A dirty job, but one worth doing - Florida Caverns redux

By Harry G. Lee

[Click on the images for a higher resolution version.]

Anguispira strongylodes (L. Pfeiffer, 1854) Southeastern Tigersnail Mesodon thyroidus (Say, 1817) White-lip Globe

    Near the end of last year I reviewed the land snail collections made on the Jacksonville and Gulf Coast Shell Club joint field trip to the vicinity of the Florida Caverns State Park, Marianna, Jackson Co., Florida (10/13/90) plus collections (including litter samples) made by Henry McCullagh from the same area on 2/3/89 and 10/30/07 and posted them on the website (see: Non-marine Mollusks Found In Levy, Taylor & Jackson Counties Of W. Florida). My interest was piqued. Despite the fact that Hubricht (1985) recorded a robust 50 native land snail species from that county, no less than eight of the cumulative 30 such species we found were absent from his account. Of perhaps more interest was the fact that nine of those 30 were not among the 70 found in northeast Florida, where "saturation" collecting sustained over three decades has produced as complete an inventory as one could ask for.

    I think any dedicated
landsnailer would sense a compulsion to do a little more systematic collecting in that provident area, which, by Jacksonville molluscan standards has every right to be called "exotic" due to the presence of those nine unfamiliar species, which have affinities with the western and northern faunas. Of particular note were three species found in the soil sample taken last October (Vertigo gouldii, Helicodiscus shimeki, and Glyphyalinia lewisiana), each of which represented a considerable extension of known range. Accordingly, I made plans for an expedition in January, but a succession of meteorological and other logistic mishaps forced several postponements. Finally at 9:00 AM on April 12 I met up with Henry in the vicinity of the caverns, a little north of Marianna, FL. Despite a light to moderate drizzle, I was able to get six samples of leaf litter, some of which obviously included the "bones" of snails. I made no special attempt to collect large snails as I felt these had been adequately sampled in past campaigns.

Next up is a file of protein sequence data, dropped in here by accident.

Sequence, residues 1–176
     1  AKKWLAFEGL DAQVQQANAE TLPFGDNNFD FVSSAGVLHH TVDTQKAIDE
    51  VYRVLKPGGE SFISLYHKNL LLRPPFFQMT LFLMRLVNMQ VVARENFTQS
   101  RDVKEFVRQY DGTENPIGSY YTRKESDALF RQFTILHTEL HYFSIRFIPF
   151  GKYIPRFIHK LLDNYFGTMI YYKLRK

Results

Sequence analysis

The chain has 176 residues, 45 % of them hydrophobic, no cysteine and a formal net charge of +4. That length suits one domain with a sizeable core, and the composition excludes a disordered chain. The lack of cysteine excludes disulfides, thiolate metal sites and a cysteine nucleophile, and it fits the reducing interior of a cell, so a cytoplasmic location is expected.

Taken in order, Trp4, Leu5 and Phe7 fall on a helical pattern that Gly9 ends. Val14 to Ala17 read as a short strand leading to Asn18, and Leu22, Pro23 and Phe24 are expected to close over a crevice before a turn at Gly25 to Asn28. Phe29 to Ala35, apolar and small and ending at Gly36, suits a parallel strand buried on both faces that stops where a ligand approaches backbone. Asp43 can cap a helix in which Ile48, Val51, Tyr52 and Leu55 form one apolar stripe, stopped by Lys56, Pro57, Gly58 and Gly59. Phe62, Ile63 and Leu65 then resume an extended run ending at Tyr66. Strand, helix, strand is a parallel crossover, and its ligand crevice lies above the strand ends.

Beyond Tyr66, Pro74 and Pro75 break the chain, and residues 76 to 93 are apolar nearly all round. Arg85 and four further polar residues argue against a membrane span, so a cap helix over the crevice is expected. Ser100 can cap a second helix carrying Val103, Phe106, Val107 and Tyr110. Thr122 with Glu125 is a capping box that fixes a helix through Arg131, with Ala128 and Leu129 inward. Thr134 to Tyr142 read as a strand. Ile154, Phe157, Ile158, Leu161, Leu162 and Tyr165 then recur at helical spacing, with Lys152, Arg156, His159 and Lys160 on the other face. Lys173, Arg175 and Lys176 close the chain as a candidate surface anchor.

It took many hours of processing, culling, identifying (a work in progress as the reader will see), curating and listing the 1284 specimens and includes one
Patera perigrapta
found by Henry. A tabulation follows.

    The thirty-six (36) species of land snails collected on 12 April, 2008 appear in bold [no. specimens]. Those in
bold blue
(9) represent additions to the 30 (actually 27 after adjustments; see below) in bold black which were previously recorded:

Stenotrema florida Pilsbry, 1940 Apalachicola Slitmouth   Carychium mexicanum Pilsbry, 1891 Southern Thorn

[12]   Helicina (Olygyra) orbiculata (Say, 1818) Globular Drop
[283] Carychium mexicanum Pilsbry, 1891 Southern Thorn
[68]   Gastrocopta contracta (Say, 1822) Bottleneck Snaggletooth
[3]     Gastrocopta corticaria (Say, 1817) Bark Snaggletooth
[27]   Gastrocopta pentodon (Say, 1822) Comb Snaggletooth
[121] Pupisoma dioscoricola (C. B. Adams, 1845) Yam Babybody
[47]   Pupisoma mcneilli (Clapp, 1918) Gulf Babybody
Vertigo gouldii (A. Binney, 1843) Variable Vertigo
[43]   Vertigo milium (Gould, 1840) Blade Vertigo
[1]     Vertigo oralis Sterki, 1898 Palmetto Vertigo
[3]     Vertigo oscariana Sterki, 1890 Capital Vertigo
[11]   Strobilops aeneus Pilsbry, 1926 Bronze Pinecone
[5]     Strobilops texasianus Pilsbry and Ferriss, 1906 Southern Pinecone
[2]     Euglandina rosea (Férussac, 1821) Rosy Wolfsnail
[21]   Haplotrema concavum (Say, 1821) Gray-foot Lancetooth
[92]   Punctum minutissimum (I. Lea, 1841) Small Spot
         Helicodiscus notius notius Hubricht, 1962 Tight Coil
         Helicodiscus shimeki Hubricht, 1962 Temperate Coil
[54]  Helicodiscus cf. shimeki Hubricht, 1962 Temperate Coil
[23]  Lucilla cf. singleyana (Pilsbry, 1889) cf. Smooth Coil
[9]    Anguispira strongylodes (Pfeiffer, 1854) Southeastern Tigersnail
[7]    Discus patulus (Deshayes, 1830) Domed Disc
Euconulus chersinus (Say, 1821) Wild Hive